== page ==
I know a secret: where to get the best chocolates in France. But before I share it with you, I’m going to have to make a confession: I don’t really like chocolate very much. I never have.
So, how could I possibly know where to get THE BEST chocolates? My partner Francis doesn’t like chocolate either…he LOVES it. That’s how I know this secret. Francis’s great-grandfather was the best pastry chef in the regional capital city of Besancon, France… So, Francis grew up with high standards when it came to chocolates and pastries. (This is serious business, his great-grandfather even trained the White House’s pastry maker, Roland Mesnier: You can check out his book All the President’s Pastries: Twenty-five years in the White House) Francis has told me that as a child on holidays like Easter his mother and aunt always bought REAL chocolates from a professional chocolatier for the children. When we return to the States from France, Francis always brings a stack of chocolate bars which he meticulously classifies by expiration date in his special chocolate box to enjoy one square at a time all year. He passes on the family’s appreciation for chocolate by teaching our children to snub milk chocolate (“C’est pas du vrai chocolat.“) and he seeks out really high quality stuff when he can. He brought home one that even I liked, I think it was made from a “Criollo” cocoa bean… he said it was rare. If you see it, buy it… it was seriously yum!
The place I’m going to tell you about is in the capital of the wine-country of the French-Swiss Borderland region where we take guests who Sojourn there with us. ( I put it on both our Off-the-Beaten-Path sojourn AND our luscious Culinary Immersion sojourn.) It is a forth generation chocolate boutique that has been handed down through the men in the family, who have been honing the art of chocolate making to the point that the current owner was able to achieve one of France’s greatest accomplishments…. He won the equivalent of the gold medal at the chocolate-makers version of the Olympics. That is to say, he earned the honor of wearing the French tri-colors on his collar and the title of “Best Artisan in France” in his profession. In French this competition and title are called “Meilleur Ouvrier de France” or M.O.F. for short. If haven’t already seen Kings of Pastry, and you want an insider’s glimpse at the trials and rigors of the competition, I highly recommend this documentary (It’s been at the top of our film recommendation page for years!).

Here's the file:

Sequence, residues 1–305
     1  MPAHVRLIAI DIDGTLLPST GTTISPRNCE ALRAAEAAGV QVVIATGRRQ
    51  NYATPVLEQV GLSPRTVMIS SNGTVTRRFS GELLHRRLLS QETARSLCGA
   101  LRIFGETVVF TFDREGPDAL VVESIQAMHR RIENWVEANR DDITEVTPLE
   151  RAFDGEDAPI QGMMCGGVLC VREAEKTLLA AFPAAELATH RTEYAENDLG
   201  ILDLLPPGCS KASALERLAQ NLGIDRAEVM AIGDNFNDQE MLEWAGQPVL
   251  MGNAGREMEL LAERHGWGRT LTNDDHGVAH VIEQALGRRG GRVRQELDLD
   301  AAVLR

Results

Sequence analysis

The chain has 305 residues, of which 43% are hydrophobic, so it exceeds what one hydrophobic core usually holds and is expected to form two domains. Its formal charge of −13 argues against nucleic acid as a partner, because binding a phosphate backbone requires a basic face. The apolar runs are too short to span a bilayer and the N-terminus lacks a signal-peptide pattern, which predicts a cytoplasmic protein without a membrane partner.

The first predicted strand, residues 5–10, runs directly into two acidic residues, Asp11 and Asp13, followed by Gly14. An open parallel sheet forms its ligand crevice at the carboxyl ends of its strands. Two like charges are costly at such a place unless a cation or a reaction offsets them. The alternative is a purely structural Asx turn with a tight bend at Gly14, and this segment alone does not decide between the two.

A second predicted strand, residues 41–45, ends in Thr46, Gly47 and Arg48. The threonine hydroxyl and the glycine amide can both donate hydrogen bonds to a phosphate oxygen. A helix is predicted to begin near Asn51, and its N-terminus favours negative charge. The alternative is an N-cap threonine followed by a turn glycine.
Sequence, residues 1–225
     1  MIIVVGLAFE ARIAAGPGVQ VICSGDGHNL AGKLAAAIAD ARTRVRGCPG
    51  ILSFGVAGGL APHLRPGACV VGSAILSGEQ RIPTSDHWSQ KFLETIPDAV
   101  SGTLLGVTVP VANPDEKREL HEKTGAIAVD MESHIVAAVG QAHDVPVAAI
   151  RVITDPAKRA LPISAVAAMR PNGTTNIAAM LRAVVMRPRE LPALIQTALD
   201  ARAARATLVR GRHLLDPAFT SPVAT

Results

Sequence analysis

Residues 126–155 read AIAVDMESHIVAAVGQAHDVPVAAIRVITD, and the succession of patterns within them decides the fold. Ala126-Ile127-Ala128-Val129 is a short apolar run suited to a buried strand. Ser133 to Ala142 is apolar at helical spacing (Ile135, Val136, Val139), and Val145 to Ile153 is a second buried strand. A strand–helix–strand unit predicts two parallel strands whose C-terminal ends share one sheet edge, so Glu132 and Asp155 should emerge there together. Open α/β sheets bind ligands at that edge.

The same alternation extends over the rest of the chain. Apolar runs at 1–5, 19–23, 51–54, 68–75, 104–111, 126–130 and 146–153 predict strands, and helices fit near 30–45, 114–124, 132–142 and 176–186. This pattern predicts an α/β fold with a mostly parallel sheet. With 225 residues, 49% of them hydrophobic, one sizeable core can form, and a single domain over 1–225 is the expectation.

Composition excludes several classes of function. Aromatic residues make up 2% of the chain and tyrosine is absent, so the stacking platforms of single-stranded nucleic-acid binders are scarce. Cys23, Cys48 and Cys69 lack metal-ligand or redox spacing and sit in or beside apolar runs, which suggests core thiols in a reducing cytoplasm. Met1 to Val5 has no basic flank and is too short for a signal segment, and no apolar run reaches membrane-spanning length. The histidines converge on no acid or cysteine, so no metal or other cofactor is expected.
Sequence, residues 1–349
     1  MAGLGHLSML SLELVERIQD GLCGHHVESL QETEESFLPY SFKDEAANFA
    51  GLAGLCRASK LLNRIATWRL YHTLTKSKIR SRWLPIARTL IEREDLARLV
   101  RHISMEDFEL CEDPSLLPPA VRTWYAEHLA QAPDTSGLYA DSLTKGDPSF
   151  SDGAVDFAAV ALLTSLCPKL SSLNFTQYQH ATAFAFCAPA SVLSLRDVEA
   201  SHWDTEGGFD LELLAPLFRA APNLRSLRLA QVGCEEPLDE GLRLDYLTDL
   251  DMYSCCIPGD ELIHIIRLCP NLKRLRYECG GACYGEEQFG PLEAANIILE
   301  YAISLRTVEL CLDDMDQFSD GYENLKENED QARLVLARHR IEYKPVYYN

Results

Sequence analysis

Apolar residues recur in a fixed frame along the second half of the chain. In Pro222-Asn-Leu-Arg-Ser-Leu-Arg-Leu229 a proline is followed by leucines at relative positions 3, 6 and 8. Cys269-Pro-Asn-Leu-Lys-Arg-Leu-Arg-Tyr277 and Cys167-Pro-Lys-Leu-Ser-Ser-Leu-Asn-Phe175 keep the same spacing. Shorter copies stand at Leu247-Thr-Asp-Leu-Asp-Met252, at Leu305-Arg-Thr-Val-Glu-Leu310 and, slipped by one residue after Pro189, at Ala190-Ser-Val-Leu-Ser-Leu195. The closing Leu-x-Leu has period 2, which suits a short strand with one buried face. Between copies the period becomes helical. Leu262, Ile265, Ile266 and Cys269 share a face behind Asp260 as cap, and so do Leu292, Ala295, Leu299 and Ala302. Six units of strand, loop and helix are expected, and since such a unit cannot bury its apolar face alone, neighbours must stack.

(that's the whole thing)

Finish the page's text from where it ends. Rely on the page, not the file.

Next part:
So when I say I know where to get the best chocolates in France, I’m not joking… the winners of the M.O.F. are a handful of the country’s finest. The one I have in mind is a chocolate-maker in Francis’ home region. People will drive for a fair distance to buy his chocolates, and getting a box of them as a gift speaks leagues about how much the giver appreciates you or the event to which you’ve invited them.
It’s Hirsinger in Arbois, a small city with ochre-stoned buildings that was made famous by Louis Pasteur and his famous discoveries that led to improved food preservation (among other revolutionary world-changing things). Hirsinger keeps an unusual schedule: they are closed on Wednesdays and Thursdays. One of Francis’ cousins told me that this is so Hirsinger can be with his children on Wednesday (there used to be a half-day for French school children every Wednesday… though I vaguely remember some rumblings about that being changed in 2013). In anycase, I guess you can do what you want when you are the best!
To my surprise and delight, the Paris-based chef & blogger David Lebovitz visited and wrote about our beloved chocolate shop.